China Swap Rate Falls to One-Month Low as PBOC Drains Less Cash

China’s one-year interest rate swaps fell to the lowest level in a month after the central bank withdrew less cash from the financial system last week.

The People’s Bank of China drained a net 1.1 billion yuan ($180 million) in the week ended Sept. 13, compared with 37 billion yuan in the previous period. It asked lenders to submit orders for seven-day reverse-repurchase agreements, 28-day repurchase contracts and 91-day bills today, according to a trader at a primary dealer required to bid at the auctions.

“The PBOC will probably continue to maintain a neutral to tight policy,” Li Zhiping and Liu Feng, analysts at Sinolink Securities Co., wrote in a report yesterday.

The cost of one-year swaps, the fixed payment to receive the floating seven-day repo rate, fell seven basis point, or 0.07 percentage point, to 4.01 percent as of 4:43 p.m. in Shanghai. That’s the lowest since Aug. 15.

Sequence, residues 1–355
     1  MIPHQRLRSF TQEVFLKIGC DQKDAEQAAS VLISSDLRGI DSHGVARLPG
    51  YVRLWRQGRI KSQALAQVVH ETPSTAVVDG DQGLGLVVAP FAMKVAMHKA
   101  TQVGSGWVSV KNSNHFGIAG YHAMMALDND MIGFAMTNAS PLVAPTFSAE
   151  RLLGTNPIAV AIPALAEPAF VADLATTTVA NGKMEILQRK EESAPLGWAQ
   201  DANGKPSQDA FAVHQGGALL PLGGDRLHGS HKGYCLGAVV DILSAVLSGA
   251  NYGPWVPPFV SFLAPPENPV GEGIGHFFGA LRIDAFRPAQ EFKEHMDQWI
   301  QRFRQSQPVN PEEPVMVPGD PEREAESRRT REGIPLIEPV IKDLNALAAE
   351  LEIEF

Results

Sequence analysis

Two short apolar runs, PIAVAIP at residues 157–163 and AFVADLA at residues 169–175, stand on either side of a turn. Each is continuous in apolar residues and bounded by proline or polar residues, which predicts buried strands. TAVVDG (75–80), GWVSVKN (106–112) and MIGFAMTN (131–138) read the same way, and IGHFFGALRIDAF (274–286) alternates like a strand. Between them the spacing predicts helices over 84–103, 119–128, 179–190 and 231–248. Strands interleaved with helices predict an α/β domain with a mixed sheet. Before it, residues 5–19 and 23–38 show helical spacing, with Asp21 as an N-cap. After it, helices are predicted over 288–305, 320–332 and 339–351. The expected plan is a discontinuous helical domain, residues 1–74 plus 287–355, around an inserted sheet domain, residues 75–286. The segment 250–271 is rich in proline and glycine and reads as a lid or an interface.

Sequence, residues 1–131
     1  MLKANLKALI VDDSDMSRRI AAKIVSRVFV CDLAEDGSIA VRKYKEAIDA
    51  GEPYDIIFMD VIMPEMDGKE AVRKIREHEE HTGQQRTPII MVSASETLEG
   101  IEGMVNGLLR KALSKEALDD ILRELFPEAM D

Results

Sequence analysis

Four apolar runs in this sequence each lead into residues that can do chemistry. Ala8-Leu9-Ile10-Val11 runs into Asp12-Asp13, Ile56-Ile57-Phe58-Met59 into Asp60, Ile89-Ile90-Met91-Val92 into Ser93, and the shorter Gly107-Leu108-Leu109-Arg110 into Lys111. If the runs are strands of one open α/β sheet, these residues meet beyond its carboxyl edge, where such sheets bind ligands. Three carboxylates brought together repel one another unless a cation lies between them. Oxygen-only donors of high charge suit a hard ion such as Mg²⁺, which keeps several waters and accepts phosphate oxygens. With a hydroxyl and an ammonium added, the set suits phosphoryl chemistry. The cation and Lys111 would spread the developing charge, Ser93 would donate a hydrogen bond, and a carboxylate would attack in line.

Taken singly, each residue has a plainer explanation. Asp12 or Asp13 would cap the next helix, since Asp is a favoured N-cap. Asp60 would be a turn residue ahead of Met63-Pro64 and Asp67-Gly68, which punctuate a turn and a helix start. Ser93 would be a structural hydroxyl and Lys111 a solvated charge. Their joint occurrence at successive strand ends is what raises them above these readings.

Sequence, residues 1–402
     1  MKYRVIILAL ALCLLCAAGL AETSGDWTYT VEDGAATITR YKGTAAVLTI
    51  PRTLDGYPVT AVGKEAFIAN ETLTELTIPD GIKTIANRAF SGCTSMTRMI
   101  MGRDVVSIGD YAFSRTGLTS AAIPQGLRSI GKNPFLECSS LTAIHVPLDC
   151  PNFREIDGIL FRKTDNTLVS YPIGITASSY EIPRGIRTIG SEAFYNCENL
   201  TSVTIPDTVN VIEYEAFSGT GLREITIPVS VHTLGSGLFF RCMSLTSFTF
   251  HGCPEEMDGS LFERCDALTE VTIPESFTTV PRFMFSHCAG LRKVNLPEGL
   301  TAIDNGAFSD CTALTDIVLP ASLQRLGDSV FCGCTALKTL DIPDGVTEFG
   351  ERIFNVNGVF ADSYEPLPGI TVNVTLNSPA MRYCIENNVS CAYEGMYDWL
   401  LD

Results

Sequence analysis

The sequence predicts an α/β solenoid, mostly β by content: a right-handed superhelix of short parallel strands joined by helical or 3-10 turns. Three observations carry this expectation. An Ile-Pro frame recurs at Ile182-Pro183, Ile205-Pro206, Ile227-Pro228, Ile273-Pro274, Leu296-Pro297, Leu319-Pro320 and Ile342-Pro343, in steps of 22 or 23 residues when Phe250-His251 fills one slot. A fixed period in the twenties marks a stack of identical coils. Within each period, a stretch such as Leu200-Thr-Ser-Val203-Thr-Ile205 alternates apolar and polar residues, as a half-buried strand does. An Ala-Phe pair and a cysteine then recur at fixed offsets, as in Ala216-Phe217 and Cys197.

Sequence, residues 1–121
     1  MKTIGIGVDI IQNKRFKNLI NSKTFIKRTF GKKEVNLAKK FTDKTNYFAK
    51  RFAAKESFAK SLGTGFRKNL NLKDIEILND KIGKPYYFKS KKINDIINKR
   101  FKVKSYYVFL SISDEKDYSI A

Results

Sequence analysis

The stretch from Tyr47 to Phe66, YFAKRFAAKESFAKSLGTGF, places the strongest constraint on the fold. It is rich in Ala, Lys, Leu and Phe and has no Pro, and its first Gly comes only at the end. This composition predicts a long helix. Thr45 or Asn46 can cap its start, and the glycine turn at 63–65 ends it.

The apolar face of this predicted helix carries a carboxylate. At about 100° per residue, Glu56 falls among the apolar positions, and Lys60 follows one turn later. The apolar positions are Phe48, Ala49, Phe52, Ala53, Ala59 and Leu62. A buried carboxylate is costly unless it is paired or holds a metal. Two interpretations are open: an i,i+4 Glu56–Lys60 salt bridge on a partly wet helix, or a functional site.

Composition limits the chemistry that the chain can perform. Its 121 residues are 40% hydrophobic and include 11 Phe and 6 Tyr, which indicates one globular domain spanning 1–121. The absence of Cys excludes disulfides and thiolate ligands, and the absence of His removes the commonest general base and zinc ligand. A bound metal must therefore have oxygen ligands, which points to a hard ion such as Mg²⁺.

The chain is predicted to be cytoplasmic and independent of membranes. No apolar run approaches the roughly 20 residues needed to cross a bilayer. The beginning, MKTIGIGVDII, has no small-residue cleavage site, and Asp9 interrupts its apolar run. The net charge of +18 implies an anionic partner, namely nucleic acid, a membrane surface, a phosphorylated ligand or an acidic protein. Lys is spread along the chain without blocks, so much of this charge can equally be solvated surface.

The seven-day repo rate, a gauge of funding availability in the banking system, declined nine basis points to 3.50 percent, a weighted average compiled by the National Interbank Funding Center showed.

The yield on the government’s 4.08 percent bonds due August 2023 fell two basis points to 4.12 percent, according to prices from the Interbank Funding Center.

China’s outstanding local government debt is between 15 trillion and 18 trillion yuan now, the Shanghai Securities News reported today, citing Yan Yan, executive vice president at China Chengxin Credit Management Co.

— With assistance by Helen Sun

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